Brunch Sucks: a Reckoning

It’s an abusive relationship between diner and chef

Adeline Dimond
4 min readJan 26, 2020


Brunch blows.

Anthony Bourdain gave it to us straight in Kitchen Confidential, his impossible-to-put-down tell-all about the behind the scenes of New York City restaurant life: brunch sucks.

But we didn’t listen. We were all too hungover to care.

Bourdain pulls no punches. Brunch, he explains, is the chef’s opportunity to use up all the ingredients that weren’t used during the week. Is the brunch special a seafood omelette? That means the shrimp special promoted on Monday didn’t sell. If you order the omelette, you’re eating six-day-old shrimp.

Now, I’m all for eliminating food waste. It’s why I make bone broth with chicken carcasses and something I call “kitchen sink couscous” which involves roasting every last vegetable in my fridge and tossing with couscous and a spicy olive oil sauce.

But I don’t want to be the food waste solution for restaurants. I am not a dumpster. Perhaps they should buy less; perhaps they should donate the extra food to food banks well before the expiration date. But what they should not do is feed me a garbage omelette.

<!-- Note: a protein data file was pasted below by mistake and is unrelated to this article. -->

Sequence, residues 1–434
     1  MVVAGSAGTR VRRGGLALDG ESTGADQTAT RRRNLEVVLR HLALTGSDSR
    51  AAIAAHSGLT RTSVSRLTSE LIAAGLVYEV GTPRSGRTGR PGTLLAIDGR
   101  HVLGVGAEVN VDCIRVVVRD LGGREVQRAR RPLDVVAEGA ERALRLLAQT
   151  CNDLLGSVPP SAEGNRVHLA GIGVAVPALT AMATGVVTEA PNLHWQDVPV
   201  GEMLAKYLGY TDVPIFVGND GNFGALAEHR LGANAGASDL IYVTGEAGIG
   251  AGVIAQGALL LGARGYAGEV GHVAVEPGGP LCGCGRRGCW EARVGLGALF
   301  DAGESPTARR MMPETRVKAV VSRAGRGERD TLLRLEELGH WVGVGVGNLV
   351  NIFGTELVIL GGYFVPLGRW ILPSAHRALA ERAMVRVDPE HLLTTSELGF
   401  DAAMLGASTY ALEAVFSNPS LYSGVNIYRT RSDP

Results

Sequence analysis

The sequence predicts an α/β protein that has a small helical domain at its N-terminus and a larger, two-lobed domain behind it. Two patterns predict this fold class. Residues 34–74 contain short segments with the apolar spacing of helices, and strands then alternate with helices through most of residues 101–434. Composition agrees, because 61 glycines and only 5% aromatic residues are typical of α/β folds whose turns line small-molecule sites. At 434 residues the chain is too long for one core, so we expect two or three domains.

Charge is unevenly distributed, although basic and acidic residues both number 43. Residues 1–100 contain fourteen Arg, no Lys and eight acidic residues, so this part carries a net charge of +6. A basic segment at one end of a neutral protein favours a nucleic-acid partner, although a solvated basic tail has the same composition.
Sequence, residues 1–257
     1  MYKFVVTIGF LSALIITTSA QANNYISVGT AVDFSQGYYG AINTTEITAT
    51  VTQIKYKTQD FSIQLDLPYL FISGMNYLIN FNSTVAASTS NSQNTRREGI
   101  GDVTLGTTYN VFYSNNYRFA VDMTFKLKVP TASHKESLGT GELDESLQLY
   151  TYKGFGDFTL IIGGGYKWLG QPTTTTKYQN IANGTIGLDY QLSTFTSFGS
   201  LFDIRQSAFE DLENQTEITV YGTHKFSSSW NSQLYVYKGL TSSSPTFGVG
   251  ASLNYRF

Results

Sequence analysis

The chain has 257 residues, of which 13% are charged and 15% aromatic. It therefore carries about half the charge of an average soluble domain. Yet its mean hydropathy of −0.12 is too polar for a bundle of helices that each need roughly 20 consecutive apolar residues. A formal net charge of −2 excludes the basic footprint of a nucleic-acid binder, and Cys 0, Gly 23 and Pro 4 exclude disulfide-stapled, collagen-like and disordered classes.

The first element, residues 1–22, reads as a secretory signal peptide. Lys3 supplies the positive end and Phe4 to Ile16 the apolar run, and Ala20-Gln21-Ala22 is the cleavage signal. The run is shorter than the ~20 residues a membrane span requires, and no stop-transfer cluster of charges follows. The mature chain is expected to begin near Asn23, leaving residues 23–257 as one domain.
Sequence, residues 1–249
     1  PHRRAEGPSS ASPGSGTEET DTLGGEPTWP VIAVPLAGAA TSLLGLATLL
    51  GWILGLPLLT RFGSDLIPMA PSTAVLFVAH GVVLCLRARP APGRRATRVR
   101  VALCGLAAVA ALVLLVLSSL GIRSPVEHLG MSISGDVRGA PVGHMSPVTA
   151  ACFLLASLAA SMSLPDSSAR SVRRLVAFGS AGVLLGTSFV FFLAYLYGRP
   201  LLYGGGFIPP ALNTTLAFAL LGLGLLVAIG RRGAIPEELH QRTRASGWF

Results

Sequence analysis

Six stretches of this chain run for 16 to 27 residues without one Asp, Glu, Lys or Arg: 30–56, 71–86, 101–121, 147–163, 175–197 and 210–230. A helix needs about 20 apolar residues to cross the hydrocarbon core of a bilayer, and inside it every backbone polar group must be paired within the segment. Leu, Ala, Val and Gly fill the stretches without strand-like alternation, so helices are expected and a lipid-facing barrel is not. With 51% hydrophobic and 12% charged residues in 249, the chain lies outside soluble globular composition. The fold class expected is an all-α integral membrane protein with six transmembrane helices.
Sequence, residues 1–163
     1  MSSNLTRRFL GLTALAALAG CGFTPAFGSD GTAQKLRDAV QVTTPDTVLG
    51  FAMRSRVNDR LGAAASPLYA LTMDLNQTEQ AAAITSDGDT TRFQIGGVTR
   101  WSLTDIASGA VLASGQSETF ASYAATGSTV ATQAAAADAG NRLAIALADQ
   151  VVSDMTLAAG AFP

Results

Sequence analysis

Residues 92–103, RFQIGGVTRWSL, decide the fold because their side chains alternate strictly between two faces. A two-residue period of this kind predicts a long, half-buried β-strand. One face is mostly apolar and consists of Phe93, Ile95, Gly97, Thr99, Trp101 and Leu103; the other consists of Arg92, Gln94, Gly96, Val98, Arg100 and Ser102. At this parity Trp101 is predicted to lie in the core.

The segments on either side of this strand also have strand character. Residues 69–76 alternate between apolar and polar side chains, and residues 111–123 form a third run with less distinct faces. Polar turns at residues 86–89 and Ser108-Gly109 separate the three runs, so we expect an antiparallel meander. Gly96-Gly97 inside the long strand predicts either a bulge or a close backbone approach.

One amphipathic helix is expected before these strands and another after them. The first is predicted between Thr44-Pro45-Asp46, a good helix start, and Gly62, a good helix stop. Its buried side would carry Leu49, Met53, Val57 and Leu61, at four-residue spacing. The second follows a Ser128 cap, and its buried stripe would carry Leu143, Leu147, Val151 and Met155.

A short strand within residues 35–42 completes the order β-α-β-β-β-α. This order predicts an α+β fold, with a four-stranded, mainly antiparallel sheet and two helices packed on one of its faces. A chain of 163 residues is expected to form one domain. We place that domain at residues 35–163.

Chefs also hate brunch. Not only are they hungover and exhausted, they hate cooking brunch food, which Bourdain explained in his 1999 New Yorker essay “Don’t Eat Before Reading This,”:

We hate the smell and spatter of omelettes. We despise hollandaise, home fries, those pathetic fruit garnishes, and all the other cliché accompaniments designed to induce a credulous public into paying $12.95 for two eggs. Nothing demoralizes an aspiring Escoffier faster than requiring him to cook egg-white omelettes or eggs over easy with bacon. You can dress brunch up with all the focaccia, smoked salmon, and caviar in the world, but it’s still breakfast.

Hollandaise sauce illustrates the hatred chefs have for the brunch diner perfectly: because it’s made with raw eggs and butter, it should be made to order, one small batch at a time. But that’s not what happens; instead, a line cook — possibly reeking of last night’s tequila and coke — makes a huge vat of it before service starts. And then it’s ladled onto one plate of eggs benedict after another.